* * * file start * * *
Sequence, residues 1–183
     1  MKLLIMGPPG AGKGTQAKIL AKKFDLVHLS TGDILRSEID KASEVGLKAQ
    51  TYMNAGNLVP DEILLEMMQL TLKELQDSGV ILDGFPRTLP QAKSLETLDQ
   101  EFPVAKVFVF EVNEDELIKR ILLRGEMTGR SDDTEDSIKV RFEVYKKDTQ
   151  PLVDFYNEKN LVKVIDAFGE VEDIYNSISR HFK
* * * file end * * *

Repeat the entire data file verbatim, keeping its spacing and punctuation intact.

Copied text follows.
Sequence, residues 1–183
     1  MKLLIMGPPG AGKGTQAKIL AKKFDLVHLS TGDILRSEID KASEVGLKAQ
    51  TYMNAGNLVP DEILLEMMQL TLKELQDSGV ILDGFPRTLP QAKSLETLDQ
   101  EFPVAKVFVF EVNEDELIKR ILLRGEMTGR SDDTEDSIKV RFEVYKKDTQ
   151  PLVDFYNEKN LVKVIDAFGE VEDIYNSISR HFK